Sertraline (Page 12 of 14)

OVERDOSAGE

Human Experience

Of 1,027 cases of overdose involving sertraline worldwide, alone or with other drugs, there were 72 deaths (circa 1999).

Among 634 overdoses in which sertraline was the only drug ingested, 8 resulted in fatal outcome, 75 completely recovered, and 27 patients experienced sequelae after overdosage to include alopecia, decreased libido, diarrhea, ejaculation disorder, fatigue, insomnia, somnolence and serotonin syndrome. The remaining 524 cases had an unknown outcome. The most common signs and symptoms associated with non-fatal sertraline overdosage were somnolence, vomiting, tachycardia, nausea, dizziness, agitation and tremor.

The largest known ingestion was 13.5 grams in a patient who took sertraline alone and subsequently recovered. However, another patient who took 2.5 grams of sertraline alone experienced a fatal outcome.

Other important adverse events reported with sertraline overdose (single or multiple drugs) include bradycardia, bundle branch block, coma, convulsions, delirium, hallucinations, hypertension, hypotension, manic reaction, pancreatitis, QT-interval prolongation, serotonin syndrome, stupor and syncope.

Overdose Management

Treatment should consist of those general measures employed in the management of overdosage with any antidepressant.

Ensure an adequate airway, oxygenation and ventilation. Monitor cardiac rhythm and vital signs. General supportive and symptomatic measures are also recommended. Induction of emesis is not recommended. Gastric lavage with a large-bore orogastric tube with appropriate airway protection, if needed, may be indicated if performed soon after ingestion, or in symptomatic patients.

Activated charcoal should be administered. Due to large volume of distribution of this drug, forced diuresis, dialysis, hemoperfusion and exchange transfusion are unlikely to be of benefit. No specific antidotes for sertraline are known.

In managing overdosage, consider the possibility of multiple drug involvement. The physician should consider contacting a poison control center on the treatment of any overdose. Telephone numbers for certified poison control centers are listed in the Physicians” Desk Reference ® (PDR®).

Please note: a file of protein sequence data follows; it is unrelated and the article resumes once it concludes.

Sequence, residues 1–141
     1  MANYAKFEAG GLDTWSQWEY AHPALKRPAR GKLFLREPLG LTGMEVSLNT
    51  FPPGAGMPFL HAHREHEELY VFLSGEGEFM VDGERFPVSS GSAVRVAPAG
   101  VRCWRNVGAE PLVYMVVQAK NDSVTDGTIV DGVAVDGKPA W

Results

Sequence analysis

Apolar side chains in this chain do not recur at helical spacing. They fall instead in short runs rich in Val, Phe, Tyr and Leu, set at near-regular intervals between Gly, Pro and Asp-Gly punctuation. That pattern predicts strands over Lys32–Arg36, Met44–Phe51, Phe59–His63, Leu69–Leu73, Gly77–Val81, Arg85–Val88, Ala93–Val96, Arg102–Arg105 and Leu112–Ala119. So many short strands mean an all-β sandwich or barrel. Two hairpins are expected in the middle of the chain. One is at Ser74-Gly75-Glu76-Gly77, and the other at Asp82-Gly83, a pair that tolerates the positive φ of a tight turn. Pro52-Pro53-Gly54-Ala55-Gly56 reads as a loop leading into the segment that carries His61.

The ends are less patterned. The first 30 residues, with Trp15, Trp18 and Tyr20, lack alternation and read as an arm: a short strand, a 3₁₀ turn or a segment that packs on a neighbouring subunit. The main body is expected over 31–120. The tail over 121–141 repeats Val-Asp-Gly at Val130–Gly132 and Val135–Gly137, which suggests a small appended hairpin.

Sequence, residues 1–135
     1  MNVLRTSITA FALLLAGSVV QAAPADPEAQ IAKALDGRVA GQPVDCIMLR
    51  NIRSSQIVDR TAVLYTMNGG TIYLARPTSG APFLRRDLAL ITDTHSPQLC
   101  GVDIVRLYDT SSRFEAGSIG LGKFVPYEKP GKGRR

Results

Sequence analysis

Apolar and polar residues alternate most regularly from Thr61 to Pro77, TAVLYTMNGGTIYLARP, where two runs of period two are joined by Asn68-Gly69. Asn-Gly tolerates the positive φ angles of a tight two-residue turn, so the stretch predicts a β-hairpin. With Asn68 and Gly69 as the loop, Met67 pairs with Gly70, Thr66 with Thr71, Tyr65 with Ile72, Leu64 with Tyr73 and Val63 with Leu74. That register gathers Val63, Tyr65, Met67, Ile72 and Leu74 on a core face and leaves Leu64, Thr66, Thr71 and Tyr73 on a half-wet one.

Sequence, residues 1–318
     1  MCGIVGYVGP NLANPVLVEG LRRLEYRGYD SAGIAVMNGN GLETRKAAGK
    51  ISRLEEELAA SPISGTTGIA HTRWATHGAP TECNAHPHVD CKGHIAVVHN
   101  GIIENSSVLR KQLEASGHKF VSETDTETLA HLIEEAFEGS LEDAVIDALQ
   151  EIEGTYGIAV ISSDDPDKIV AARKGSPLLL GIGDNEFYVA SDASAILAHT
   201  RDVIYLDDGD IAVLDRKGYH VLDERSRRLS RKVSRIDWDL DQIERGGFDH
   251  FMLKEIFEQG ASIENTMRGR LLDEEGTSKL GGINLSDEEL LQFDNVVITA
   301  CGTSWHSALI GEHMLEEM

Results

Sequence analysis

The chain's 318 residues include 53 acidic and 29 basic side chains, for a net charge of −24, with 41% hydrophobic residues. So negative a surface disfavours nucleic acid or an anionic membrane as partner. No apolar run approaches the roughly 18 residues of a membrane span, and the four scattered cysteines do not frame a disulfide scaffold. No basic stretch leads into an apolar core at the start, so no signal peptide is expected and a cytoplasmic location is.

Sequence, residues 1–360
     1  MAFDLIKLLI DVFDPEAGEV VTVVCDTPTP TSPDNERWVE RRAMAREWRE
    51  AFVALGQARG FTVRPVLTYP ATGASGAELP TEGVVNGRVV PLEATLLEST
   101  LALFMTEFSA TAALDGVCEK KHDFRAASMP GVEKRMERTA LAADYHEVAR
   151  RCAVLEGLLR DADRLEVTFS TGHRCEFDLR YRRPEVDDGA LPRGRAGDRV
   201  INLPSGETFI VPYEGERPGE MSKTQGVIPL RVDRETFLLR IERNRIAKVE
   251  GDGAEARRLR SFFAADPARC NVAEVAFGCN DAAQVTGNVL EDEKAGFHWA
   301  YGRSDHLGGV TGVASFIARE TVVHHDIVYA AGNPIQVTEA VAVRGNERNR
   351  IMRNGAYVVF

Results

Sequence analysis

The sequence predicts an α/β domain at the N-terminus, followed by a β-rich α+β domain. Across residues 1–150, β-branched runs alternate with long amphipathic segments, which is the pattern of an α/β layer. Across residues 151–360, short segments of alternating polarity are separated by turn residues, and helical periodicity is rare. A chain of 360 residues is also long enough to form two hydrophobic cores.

DOSAGE AND ADMINISTRATION

Initial Treatment

Dosage for Adults

Major Depressive Disorder and Obsessive-Compulsive Disorder

Sertraline treatment should be administered at a dose of 50 mg once daily.

Panic Disorder, Posttraumatic Stress Disorder and Social Anxiety Disorder

Sertraline treatment should be initiated with a dose of 25 mg once daily. After one week, the dose should be increased to 50 mg once daily.

While a relationship between dose and effect has not been established for major depressive disorder, OCD, panic disorder, PTSD or social anxiety disorder, patients were dosed in a range of 50 to 200 mg/day in the clinical trials demonstrating the effectiveness of sertraline for the treatment of these indications. Consequently, a dose of 50 mg, administered once daily, is recommended as the initial therapeutic dose. Patients not responding to a 50 mg dose may benefit from dose increases up to a maximum of 200 mg/day. Given the 24 hour elimination half-life of sertraline, dose changes should not occur at intervals of less than 1 week.

Premenstrual Dysphoric Disorder

Sertraline treatment should be initiated with a dose of 50 mg/day, either daily throughout the menstrual cycle or limited to the luteal phase of the menstrual cycle, depending on physician assessment.

While a relationship between dose and effect has not been established for PMDD, patients were dosed in the range of 50 to 150 mg/day with dose increases at the onset of each new menstrual cycle (see Clinical Trials under CLINICAL PHARMACOLOGY). Patients not responding to a 50 mg/day dose may benefit from dose increases (at 50 mg increments/menstrual cycle) up to 150 mg/day when dosing daily throughout the menstrual cycle, or 100 mg/day when dosing during the luteal phase of the menstrual cycle. If a 100 mg/day dose has been established with luteal phase dosing, a 50 mg/day titration step for three days should be utilized at the beginning of each luteal phase dosing period.